Wednesday, June 19, 2013

Women, work and wages

There's an interesting claim made by U.S. President Barack Obama recently:

It seems to be true, and nobody is disputing this, though there are many who take the trouble to explain the figure. They take a number of different approaches, but all of them seem to follow roughly this explanation given by economist Gary Burtless:

"Women have shorter job tenures than men because they have more work interruptions than men, usually because they have children and assume heavy responsibility for rearing those children," Burtless said.
 Worth noting as an aside that Burtless says that it is women who have children, ignoring the fact that they can't do this without at least some input by men. But there is a grain of truth here: a women's greatest productive capacity, her most important and indispensable contribution to society, lies in her ability to bear and raise children. This is a capacity that is not rewarded in the market place. A woman can spend her entire productive life raising a brood of children without receiving a cent in wages.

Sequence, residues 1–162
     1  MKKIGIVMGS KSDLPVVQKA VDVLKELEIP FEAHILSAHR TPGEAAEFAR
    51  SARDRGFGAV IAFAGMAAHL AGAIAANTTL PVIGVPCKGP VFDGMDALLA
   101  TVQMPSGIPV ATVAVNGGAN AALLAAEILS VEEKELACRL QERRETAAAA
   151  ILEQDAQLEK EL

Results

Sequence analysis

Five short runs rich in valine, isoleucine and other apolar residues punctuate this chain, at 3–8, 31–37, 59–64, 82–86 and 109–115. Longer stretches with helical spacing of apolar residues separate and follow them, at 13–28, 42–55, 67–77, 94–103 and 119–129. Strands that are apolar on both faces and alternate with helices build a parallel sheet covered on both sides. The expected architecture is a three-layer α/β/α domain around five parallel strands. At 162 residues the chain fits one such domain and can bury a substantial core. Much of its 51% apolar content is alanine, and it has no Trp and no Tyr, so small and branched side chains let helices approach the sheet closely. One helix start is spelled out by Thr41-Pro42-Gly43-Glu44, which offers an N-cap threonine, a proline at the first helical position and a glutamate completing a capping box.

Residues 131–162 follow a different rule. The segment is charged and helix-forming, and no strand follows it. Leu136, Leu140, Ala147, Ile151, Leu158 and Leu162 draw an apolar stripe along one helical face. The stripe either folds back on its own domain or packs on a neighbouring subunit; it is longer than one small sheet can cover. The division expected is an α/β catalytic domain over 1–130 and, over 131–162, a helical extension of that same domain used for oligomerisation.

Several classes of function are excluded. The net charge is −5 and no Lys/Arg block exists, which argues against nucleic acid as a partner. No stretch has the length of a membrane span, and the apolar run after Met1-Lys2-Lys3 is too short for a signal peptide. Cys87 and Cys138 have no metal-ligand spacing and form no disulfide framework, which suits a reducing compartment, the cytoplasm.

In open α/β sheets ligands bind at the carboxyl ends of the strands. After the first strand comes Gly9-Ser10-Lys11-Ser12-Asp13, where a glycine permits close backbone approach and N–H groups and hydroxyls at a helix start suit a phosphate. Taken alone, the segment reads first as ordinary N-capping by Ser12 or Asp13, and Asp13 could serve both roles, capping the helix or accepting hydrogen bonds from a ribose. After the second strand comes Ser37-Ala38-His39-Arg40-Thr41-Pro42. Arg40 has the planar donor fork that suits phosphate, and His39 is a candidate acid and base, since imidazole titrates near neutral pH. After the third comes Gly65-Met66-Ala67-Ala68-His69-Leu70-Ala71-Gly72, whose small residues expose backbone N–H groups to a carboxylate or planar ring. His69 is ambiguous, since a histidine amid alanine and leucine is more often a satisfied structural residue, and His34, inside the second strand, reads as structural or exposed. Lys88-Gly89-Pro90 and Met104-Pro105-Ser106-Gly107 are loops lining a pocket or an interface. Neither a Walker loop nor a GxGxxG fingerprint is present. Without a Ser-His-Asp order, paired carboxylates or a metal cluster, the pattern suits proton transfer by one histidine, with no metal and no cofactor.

Now, when a woman wants to receive wages, she goes to the job market and sells her labour, typically at 77 cents to a man's dollar. Why is her labour discounted? As Burtless says, it's because of the responsibilities in fulfilling her role as a child bearer/rearer. At home, she receives no wages. In the market place her greatest productive asset is transformed into her greatest liability in gaining equality with men.

She's double screwed is one way to look at it. Or is it triple screwed? Twice figuratively, once literally.

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